Monday, July 1, 2013

Scaremongering in the Media: Egypt, Orientalism and the Abuse of Facts

Cairo: 7AM

A few headlines from the News this morning:
The Image from the New York Times

Tension roils Egypt as protests grow

At least four dead as violence erupts in Egypt and clerics warn of civil war 

Egyptians Pour Into Streets, Demanding Morsi’s Ouster


A side by side comparison of two articles about yesterday's events in Cairo:

  1. In an outpouring of rage against the president of Egypt, Mohamed Morsi, a core of demonstrators set fire to the headquarters of Mr. Morsi’s Muslim Brotherhood movement. 

  2. Millions of opposition protesters hit the streets across Egypt to call for the ouster of Egyptian President Mohamed Morsi on Sunday (which marked the end of his first year in office), with violence in leaving at least seven dead.

The first quotation is the opening paragraph of the of the New York Times and the second is from the English website of the Egypt newspaper Ahram. In general, I disagree with the emphasis on violence in both paragraphs but that is a questions for another day. The quotation from the New York Times clearly highlights conflict and anger over any other emotions from yesterday's demonstrations. The unprecedented size of the protests does not even merit a mention in the opening lines. Somehow two million people marching in the streets is an afterthought, a footnotes, to the larger narrative that they have been crafting for days now. It does not fit with the story they are trying to tell so they bury it.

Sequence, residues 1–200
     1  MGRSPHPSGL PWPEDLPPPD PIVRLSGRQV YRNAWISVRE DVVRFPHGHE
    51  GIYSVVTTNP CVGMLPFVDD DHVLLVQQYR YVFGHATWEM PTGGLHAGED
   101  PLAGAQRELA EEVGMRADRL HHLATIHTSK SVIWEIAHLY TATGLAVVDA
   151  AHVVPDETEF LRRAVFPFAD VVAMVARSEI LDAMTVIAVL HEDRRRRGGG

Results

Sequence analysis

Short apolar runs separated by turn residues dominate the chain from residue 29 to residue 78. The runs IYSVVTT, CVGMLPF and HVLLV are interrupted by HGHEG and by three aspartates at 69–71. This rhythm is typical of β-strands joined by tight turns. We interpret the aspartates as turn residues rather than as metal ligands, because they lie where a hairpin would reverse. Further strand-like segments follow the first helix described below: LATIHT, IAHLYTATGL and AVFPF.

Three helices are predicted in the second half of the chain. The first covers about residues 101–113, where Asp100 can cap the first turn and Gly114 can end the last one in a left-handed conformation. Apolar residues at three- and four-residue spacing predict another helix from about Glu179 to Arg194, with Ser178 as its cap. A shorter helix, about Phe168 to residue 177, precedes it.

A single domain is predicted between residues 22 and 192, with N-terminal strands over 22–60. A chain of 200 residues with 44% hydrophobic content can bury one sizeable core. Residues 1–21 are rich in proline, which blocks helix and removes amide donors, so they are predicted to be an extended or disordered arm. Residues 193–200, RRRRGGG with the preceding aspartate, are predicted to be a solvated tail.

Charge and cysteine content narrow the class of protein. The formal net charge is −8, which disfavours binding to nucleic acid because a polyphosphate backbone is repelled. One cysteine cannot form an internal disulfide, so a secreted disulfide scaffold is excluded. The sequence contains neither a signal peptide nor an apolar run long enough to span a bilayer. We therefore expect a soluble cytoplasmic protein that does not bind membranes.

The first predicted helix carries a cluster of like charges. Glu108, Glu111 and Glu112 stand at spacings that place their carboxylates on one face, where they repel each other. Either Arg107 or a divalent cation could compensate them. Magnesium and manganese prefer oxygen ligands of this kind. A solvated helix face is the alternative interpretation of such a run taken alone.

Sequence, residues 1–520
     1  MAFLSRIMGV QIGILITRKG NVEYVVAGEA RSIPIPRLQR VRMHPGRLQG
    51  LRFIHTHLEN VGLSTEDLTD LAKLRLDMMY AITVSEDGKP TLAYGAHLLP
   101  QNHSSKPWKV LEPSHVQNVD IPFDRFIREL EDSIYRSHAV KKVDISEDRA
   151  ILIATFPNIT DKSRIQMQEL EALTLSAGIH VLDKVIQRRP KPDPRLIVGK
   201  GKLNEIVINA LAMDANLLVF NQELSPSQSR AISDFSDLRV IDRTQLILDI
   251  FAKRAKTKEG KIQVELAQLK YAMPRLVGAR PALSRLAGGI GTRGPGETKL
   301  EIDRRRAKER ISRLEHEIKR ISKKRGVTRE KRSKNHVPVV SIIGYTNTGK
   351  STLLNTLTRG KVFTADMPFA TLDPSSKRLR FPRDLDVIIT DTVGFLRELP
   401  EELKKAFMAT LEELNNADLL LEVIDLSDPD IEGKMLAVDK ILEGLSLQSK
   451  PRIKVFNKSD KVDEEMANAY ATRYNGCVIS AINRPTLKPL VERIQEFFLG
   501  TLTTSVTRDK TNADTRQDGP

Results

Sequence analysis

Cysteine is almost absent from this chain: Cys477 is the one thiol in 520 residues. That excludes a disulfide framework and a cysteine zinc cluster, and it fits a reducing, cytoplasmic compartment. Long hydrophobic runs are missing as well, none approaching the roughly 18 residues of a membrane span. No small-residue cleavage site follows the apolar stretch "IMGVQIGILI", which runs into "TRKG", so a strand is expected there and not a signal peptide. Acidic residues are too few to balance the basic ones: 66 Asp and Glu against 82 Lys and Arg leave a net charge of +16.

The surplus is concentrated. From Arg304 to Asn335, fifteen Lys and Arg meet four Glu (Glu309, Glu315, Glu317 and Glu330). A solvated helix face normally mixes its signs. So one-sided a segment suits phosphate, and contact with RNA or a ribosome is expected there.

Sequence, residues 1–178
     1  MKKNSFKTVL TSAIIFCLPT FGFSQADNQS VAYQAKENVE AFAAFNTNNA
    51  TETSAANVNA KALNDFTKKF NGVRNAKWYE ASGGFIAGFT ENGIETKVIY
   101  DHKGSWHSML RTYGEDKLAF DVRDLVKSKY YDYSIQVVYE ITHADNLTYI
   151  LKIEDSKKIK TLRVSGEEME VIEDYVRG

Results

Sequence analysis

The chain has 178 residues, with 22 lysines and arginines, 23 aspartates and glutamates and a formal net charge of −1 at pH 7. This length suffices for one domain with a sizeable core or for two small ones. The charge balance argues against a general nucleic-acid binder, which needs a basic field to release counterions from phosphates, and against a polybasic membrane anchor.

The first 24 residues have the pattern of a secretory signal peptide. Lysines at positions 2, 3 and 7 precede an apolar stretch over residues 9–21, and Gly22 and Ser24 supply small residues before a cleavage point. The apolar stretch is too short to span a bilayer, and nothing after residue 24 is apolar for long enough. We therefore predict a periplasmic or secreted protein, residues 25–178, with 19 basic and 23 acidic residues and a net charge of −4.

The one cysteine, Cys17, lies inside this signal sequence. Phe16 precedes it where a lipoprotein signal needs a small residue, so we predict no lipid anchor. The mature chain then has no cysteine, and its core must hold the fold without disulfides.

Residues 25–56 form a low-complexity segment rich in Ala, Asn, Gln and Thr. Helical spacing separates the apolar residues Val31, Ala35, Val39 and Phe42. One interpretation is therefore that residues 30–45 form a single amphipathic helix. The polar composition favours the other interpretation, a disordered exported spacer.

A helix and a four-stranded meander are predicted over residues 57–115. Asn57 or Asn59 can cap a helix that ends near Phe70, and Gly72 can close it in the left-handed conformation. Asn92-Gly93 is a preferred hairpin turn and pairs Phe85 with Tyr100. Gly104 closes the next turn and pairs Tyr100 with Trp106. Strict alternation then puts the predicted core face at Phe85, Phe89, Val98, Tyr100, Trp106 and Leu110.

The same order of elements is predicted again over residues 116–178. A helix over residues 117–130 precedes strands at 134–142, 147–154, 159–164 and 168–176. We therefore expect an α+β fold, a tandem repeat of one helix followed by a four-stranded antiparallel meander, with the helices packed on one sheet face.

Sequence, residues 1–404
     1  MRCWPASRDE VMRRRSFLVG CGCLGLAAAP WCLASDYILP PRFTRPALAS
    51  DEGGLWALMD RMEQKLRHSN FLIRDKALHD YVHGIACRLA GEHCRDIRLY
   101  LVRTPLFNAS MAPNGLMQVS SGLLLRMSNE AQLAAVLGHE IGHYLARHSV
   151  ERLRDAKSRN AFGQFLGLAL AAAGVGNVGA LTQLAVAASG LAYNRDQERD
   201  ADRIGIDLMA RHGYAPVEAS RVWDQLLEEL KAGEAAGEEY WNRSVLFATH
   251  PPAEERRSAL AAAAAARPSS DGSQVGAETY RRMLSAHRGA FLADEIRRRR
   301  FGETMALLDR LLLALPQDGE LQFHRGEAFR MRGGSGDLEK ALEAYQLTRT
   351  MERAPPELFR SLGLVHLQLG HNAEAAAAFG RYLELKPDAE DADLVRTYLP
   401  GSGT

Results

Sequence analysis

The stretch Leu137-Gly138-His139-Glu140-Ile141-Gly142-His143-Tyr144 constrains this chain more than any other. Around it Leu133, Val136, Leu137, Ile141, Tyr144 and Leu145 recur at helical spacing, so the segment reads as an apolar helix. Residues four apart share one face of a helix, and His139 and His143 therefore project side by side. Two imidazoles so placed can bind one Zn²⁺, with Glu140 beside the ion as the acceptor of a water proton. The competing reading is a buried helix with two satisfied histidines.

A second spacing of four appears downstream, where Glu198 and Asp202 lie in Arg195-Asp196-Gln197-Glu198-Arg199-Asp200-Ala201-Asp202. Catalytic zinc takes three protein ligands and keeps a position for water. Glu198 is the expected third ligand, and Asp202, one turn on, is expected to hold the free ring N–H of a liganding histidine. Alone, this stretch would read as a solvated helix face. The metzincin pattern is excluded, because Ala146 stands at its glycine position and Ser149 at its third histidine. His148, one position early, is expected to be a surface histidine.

The emotions that I would use to describe yesterdays protests are joy, elation, happiness, excitement. It was quite possibly the largest single demonstration ever seen. Period. While there was of course anger against Morsi and his government, this was not the only emotion in Midan al-Tahrir. Speaking with friends and following events from my apartment, rage was not diving Egyptians into the streets in the millions.  They were seeking fundamental change to an incompetent government that they felt did not represent their interests and did provide a way forward given the current political and economic crises facing Egypt. In spite of this, the media continued to drag out its tired narrative of the Arab street, characterized by irrationality, violence and chaos.

Photo by Hasan Amin

I do not want to downplay the fact that there was some violence yesterday. The burning of Muslim Brotherhood office is unfortunate but not surprising. We should mourn the lives lost yesterday and honor those that died fighting for the future of their country. However, we should not let a few isolate acts of violence become the primary focus of our understanding of the events that are unfolding in Egypt. 

Egypt is Rising and the Revolution Continues....

For more photos by Karim Hesham go to and for more on Hasan Amin go to